I normally hate timers on games, but the pathos produced by Elena’s ever-ticking clock is well worth the frustration. An on-screen display marks the progress of Elena’s transformation, and neglecting this reminder can dramatically change what you’re coming home to. Visit her often, and she’s still mostly human and in relatively good spirits. Wait longer, and you’ll find her cowering in darkness, overcome by physical and emotional anguish. If you’re really pushing it, what you find is barely human anymore. Elena is always fine once she’s fed, but seeing what my dallying had done to my virtual girlfriend made me feel like a monster. I spent a lot of time jumping from ledges and sprinting past fights heedless of my health to get back to Elena as fast as I could.

Elena sometimes feels too much like a helpless damsel in distress, but the brave face she shows is touching. Adding insult to injury, she’s a vegetarian, but she takes your gifts of nasty meat like a good patient forced to swallow truly awful medicine. Mavda, a merchant with magical powers who serves as Aeron’s advisor, is absurdly creepy. She finds Elena’s misfortune funny, and she’s carries around a skeletal old man who mutters incomprehensibly. If this is the only help you can get, you know you’re in serious trouble.

Pandora's Tower

Aeron is the weak link here. He’s certainly willing to put in the work to keep this relationship going, but he’s got no personality. The other notable weakness in the game comes from its boss fights. The tower masters are beautiful, and there’s certainly a challenge in figuring out what sort of threat they pose and how you need to defeat them. Once you’ve done that, though, it’s too easy to get into a rut where you’re not going to lose the fight but you do have to suffer through a long slog as you hack the creature into submission.

Still, the Wii could not have had a better swan song. It combines mechanical excellence, some stunning visuals, and a weird but lovely story. I just hope Nintendo can deliver more games like this to make our next relationship true love.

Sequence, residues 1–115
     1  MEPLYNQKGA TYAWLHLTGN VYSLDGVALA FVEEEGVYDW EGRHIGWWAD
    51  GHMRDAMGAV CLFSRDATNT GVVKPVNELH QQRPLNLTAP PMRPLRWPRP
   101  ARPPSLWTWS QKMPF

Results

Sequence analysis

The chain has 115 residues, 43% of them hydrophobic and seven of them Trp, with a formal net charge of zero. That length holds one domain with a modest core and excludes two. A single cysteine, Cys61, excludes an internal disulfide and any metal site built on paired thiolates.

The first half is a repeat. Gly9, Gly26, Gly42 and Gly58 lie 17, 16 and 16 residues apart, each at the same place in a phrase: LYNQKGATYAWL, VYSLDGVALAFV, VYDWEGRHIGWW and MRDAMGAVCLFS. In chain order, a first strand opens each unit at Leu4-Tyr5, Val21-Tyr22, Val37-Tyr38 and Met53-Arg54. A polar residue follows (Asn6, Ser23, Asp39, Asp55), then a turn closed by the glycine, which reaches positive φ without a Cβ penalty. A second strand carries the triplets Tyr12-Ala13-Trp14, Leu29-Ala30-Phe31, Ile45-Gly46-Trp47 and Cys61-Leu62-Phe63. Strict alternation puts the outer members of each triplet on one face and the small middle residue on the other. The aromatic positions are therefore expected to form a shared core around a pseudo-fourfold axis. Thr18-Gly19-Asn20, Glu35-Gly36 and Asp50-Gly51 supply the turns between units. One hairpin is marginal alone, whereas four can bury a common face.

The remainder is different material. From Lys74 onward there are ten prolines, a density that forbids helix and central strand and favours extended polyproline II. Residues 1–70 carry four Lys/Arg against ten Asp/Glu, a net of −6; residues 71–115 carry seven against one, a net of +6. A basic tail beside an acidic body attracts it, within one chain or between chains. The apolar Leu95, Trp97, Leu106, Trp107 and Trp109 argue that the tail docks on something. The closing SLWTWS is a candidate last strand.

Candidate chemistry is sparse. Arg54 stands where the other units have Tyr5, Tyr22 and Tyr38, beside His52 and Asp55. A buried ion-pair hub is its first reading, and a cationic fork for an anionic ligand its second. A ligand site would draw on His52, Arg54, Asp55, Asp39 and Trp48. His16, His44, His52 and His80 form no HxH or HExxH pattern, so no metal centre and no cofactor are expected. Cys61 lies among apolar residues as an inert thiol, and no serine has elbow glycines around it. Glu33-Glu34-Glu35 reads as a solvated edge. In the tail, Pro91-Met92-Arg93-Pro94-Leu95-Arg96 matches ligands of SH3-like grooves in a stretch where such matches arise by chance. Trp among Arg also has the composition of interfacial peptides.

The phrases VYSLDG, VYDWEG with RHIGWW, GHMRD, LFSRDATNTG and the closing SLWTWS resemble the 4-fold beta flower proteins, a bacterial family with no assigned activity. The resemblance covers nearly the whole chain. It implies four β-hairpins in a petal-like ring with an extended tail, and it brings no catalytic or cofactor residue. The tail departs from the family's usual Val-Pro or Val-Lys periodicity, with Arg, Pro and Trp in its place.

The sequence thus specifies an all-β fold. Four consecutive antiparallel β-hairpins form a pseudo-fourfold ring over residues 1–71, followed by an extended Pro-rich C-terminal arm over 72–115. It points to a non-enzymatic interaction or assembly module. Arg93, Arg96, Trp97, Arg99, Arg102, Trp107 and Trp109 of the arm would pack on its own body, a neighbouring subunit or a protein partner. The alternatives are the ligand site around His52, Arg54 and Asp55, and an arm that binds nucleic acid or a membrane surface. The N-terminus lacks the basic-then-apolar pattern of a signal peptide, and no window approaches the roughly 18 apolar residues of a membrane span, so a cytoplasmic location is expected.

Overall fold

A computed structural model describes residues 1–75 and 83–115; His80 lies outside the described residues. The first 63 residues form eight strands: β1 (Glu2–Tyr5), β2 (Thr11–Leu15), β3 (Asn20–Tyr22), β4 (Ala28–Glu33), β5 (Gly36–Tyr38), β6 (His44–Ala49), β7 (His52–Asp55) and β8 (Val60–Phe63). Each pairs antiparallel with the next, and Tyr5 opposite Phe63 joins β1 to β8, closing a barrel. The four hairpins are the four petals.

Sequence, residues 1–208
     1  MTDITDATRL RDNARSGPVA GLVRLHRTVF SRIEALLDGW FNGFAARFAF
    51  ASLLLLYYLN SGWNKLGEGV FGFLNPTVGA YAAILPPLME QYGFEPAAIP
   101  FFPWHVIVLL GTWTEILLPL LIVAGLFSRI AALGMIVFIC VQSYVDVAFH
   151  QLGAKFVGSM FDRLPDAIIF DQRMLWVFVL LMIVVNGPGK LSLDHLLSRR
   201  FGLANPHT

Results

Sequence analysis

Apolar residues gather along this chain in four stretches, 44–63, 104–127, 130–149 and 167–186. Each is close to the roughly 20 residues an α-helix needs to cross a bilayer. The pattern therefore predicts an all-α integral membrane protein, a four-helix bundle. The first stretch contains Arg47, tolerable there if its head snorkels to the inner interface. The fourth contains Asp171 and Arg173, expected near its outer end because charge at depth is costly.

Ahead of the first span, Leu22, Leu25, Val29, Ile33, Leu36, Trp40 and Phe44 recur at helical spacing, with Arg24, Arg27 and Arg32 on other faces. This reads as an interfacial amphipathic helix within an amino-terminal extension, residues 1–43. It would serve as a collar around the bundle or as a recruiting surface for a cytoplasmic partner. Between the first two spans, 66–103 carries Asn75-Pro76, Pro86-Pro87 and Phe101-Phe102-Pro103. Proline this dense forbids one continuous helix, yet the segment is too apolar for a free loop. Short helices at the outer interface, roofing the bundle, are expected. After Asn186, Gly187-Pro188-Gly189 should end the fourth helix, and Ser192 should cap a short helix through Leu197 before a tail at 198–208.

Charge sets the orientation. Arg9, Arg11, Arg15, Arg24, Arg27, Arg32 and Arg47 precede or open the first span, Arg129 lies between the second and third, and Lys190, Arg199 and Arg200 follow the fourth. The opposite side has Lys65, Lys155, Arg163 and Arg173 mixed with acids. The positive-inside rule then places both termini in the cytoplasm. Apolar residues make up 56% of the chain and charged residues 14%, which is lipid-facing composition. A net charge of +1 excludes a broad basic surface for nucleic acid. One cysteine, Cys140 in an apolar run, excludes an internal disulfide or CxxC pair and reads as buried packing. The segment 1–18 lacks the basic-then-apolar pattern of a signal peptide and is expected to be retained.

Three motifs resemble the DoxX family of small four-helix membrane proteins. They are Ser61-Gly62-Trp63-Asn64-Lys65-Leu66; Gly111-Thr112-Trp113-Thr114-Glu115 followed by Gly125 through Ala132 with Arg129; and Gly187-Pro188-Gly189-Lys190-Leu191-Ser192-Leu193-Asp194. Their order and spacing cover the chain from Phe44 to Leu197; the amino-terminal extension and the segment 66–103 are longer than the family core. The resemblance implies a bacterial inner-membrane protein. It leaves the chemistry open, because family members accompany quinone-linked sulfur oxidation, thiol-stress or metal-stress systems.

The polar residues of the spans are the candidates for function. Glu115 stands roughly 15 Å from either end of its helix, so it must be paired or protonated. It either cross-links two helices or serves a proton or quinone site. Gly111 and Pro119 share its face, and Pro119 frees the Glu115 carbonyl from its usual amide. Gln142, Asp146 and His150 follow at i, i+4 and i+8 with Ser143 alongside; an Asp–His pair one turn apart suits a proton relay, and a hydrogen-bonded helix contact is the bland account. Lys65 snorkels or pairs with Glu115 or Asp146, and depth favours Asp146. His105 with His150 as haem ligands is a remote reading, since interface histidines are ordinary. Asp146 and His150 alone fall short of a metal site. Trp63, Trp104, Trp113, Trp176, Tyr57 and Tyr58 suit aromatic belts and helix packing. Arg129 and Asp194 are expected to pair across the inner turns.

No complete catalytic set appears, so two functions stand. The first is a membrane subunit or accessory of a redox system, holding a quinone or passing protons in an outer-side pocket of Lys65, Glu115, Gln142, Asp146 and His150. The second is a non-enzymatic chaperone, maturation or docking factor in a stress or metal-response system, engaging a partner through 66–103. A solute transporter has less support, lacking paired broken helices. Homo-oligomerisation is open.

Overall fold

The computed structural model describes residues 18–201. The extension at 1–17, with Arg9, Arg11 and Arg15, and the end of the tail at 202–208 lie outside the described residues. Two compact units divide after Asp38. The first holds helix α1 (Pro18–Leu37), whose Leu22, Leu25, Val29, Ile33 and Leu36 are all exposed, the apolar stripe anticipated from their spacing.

Pandora’s Tower
Developers: Ganbarion, Nintendo
Publisher: Xseed Games
Platform: Wii
Price: $40
Rating: T

Share this with your friends and enemies

Write a scintillating comment

3 Responses to “Meat Cute”

  1. I finished the first tower with about half of Elena’s “Beast Meter” gone. When I got back to the observatory, she looked like she did at the beginning of the game.

    I started the Master fight of the second tower with only about 1/4 of it remaining. I finished the fight – barely – with it empty and blinking. I thought I was going to time out for sure, but either I came in just under the wire or the doom clock stops ticking after you’ve acquired the Master Flesh.

    What I found when I went back to the Observatory was not pretty.

    I… I don’t think I’m going to let the clock go quite that far again if I can help it.

  2. OhHaiMark says:

     I am excited for this game, and can’t wait until summer to be able to dive into it. I think the timer sounds effective because it’s not just a visible game mechanic, it’s a narrative aspect, making it feel less like a chore. I don’t know if that’s just me, though.

    Escort missions are still fairly annoying too, but Ico is fun and gorgeous, though largely based on escorting a person around. That’s the comparison I’m going with.